I managed to vote this weekend – it was probably the most excited I have ever been to vote for someone – I got to vote for Dan Hines who is running for the BC Green Party in Kamloops North Thompson and while I don’t know that Dan will win, it was the first time I’ve ever voted where I felt really good about my vote. At both the provincial and federal levels I’ve voted Liberal, Green and NDP in various elections. I tried to ‘vote strategically’ in the last federal election and felt horrible because I did not vote for a party or a candidate I particularly liked. I’ve even spoiled my ballot, in the last provincial election because while I really like Terry Lake and think he was the best Minister of Environment and Minister of Health we’ve had since I moved to BC and feel he was a good representative for Kamloops North Thompson, I couldn’t get behind the Liberals with Christy Clark. This time however, with the Green Party and Dan Hines, I was able to vote for a person and a party I believe in.
Anyways, why did I vote Green this time around? At a fundamental level, I like bold, ambitious policy that is grounded in sound environmental, social, and economic values. The Green Party has shown that ambition through the development of a platform that is based on smart policy and good research. While I don’t agree with the entire platform, there are elements that have really caught my eye including:
Universal Basic Income – economists of all stripes have said that this is a good policy that is worth looking at in more detail and could go a long way to alleviating poverty in a much more efficient manner and would put us in a stronger position as a society to deal with changes in the economy as permanent full-time work becomes more precarious for a larger segment of the population. The fact that the Green Party has stated that they will test this out in a smaller community is really interesting to me and could be a really compelling experiment in new social and economic policy.
Cancelling Site C – I feel that Site C has a strong potential to be an environmental and economic disaster. It needs to be cancelled and replaced with options that are more sustainable economically and environmentally. The Green Party is the only party that has taken this stand.
Banning non-personal donations to political parties – The more I learn about party financing, the more I realize that BC is a backwater on this issue and that it needs to change. While the BC Liberals are certainly the most egregious in how they raise money from corporations, the fact that the BC NDP is bankrolled by the big unions also does not make me comfortable. I would really like to see this reformed and the BC Greens have led by example in this regard.
Investment in preventative health – I really like their health platform and their emphasis on preventative healthcare. I think this is absolutely vital to ensuring that healthcare is delivered more affordably in our province, particularly as the population ages.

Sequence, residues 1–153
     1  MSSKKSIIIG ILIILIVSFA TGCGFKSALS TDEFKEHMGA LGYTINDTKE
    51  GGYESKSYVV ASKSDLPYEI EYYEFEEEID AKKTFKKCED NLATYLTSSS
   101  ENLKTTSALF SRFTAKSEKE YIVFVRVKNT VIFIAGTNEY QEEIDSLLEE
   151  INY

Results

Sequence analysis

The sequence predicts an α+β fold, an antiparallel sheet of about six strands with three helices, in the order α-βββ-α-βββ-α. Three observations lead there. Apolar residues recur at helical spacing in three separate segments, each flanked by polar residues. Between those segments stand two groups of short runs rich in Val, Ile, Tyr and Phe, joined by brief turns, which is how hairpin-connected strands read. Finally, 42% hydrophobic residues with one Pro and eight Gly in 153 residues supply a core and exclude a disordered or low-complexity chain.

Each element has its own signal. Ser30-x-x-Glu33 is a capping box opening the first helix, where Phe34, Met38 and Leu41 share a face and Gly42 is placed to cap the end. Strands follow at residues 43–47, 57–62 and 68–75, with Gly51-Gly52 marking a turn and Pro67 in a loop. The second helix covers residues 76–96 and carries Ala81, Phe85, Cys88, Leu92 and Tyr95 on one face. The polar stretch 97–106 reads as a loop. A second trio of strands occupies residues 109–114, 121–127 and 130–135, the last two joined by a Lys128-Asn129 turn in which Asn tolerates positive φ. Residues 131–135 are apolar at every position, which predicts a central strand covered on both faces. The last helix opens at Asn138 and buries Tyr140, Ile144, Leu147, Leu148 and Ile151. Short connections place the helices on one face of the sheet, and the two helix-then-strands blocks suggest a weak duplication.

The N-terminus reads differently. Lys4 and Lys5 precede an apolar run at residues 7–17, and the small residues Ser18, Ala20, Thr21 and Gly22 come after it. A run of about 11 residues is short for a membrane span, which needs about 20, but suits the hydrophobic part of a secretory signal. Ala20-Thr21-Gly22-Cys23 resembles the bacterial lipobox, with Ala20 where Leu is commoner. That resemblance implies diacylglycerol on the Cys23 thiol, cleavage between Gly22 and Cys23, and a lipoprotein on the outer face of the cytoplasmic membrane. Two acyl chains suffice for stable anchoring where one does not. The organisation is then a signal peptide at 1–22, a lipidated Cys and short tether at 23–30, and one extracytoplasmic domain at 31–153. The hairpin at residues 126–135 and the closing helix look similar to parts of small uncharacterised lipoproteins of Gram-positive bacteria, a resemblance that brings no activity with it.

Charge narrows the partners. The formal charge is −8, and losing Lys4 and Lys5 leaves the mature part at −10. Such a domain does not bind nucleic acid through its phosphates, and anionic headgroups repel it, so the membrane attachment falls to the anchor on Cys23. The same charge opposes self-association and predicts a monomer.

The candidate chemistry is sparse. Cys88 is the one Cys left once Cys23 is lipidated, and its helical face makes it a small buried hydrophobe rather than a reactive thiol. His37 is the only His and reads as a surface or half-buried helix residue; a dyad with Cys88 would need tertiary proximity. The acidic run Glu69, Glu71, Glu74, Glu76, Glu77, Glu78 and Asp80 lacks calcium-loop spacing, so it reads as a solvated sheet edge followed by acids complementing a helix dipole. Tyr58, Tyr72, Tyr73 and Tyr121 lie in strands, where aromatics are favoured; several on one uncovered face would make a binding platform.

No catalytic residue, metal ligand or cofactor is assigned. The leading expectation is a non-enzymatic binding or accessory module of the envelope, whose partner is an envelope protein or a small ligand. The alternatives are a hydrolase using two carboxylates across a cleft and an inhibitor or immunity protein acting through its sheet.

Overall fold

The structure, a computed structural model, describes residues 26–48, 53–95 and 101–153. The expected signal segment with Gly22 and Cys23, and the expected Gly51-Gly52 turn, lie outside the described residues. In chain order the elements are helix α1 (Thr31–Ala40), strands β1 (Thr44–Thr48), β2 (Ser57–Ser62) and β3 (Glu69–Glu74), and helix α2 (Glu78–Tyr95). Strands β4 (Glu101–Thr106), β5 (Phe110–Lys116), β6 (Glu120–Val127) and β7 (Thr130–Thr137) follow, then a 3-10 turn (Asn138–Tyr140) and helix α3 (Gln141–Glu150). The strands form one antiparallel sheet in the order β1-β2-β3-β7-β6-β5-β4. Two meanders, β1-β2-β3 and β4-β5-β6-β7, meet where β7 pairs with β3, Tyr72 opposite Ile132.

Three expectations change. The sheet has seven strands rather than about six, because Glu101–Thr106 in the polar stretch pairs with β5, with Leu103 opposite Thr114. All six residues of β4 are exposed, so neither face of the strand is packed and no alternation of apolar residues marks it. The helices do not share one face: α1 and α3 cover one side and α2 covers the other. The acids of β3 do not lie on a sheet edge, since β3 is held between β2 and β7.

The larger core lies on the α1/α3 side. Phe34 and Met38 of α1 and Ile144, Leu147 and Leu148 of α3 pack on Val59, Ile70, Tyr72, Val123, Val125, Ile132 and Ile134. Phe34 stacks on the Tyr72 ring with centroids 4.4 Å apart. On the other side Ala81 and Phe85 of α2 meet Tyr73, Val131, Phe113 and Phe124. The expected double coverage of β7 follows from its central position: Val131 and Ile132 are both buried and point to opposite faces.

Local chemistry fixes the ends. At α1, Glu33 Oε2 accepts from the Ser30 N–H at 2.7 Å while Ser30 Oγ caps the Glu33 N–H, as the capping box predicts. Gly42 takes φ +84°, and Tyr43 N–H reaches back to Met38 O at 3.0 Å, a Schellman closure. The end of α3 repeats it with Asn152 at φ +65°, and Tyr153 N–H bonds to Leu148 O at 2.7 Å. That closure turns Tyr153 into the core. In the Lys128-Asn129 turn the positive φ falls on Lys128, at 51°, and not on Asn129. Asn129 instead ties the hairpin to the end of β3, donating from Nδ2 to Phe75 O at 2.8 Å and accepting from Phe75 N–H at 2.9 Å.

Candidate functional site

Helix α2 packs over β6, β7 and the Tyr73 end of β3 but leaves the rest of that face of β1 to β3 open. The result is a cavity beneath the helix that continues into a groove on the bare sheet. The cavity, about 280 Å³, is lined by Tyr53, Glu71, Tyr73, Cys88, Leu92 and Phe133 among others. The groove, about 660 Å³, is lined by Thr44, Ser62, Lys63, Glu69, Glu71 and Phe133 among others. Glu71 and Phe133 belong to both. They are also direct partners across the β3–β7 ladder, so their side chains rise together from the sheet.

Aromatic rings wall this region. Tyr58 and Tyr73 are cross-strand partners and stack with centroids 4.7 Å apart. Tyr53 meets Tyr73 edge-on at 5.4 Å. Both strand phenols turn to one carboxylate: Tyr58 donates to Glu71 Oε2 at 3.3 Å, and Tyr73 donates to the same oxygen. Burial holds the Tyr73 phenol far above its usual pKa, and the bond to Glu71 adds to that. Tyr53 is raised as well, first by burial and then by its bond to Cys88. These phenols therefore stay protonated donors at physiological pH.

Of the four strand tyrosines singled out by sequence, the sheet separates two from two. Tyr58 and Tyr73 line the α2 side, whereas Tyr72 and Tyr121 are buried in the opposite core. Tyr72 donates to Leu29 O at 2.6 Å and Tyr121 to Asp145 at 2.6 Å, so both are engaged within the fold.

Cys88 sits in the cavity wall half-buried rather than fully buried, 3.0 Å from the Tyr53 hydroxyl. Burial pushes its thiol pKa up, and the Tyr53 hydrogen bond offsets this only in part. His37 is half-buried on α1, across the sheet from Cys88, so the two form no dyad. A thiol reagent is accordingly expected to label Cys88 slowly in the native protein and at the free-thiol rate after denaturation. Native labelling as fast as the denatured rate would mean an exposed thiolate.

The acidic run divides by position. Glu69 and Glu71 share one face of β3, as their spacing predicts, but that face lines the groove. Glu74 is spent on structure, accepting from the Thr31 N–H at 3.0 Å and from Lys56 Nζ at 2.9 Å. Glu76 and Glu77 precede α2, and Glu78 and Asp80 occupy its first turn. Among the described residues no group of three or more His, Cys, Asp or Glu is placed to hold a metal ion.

Transportation policy – the BC Green Party has pledged to keep tolls on the Golden Ears Bridge. While this may not be popular with users of the bridge, it must be recognized that comprehensive road pricing is an important solution to congestion and transportation-related greenhouse gas emissions. It also introduces user-pay to our road system – frankly we need more road tolling, not less. The Green Party has pledged to maintain tolls on the Golden Ears Bridge and research and implement more policies on road pricing. They also have a comprehensive Transportation Demand Management program which includes exploring distance based insurance. These could be important and transformative policies that reflect actual best practices.
Carbon tax – one of the reasons I voted for the BC Liberals in the past was they were willing to adopt a carbon tax. Most economists agree that carbon pricing is the most efficient way of achieving greenhouse gas reductions. The BC Green Party commits to increasing the carbon tax which will help re-establish BC as a leader in taking action on climate change.
Electoral reform – the Green Party has long committed itself to electoral reform. We need this to end the polarized politics in BC. The Green Party not only commit to electoral reform, they will also consider reducing the voting age to 16 which I think is a really interesting proposal given how engaged youth are in politics (though this is self-serving because the Green Party always does well with people not old enough to vote!).
Along with the policies in their platform, there is also Andrew Weaver’s performance in the legislature. Despite only having one seat in opposition to a majority government he has actually managed to work with the other parties to get legislation passed. These haven’t been monumental bills but they do show a willingness to work with the parties in power to influence policy. If Dr. Weaver’s ability to work with the other parties permeates throughout the Green Party, we will be in good stead if there is a minority government.
Finally, there is Dan Hines himself – the person I actually voted for. I’ve met him a few times and he is exactly the type of person I want to represent our riding. I follow him on Twitter and Facebook. I have been impressed by his enthusiasm, intellect, humility, and drive to serve. He wants to do things differently. I know he would serve our riding with honour.
I applaud all of the candidates in our local area. They have all demonstrated great commitment to our community. I wish the winners well in serving our local ridings and hope that the people fall short will continue to work to make Kamloops a great place.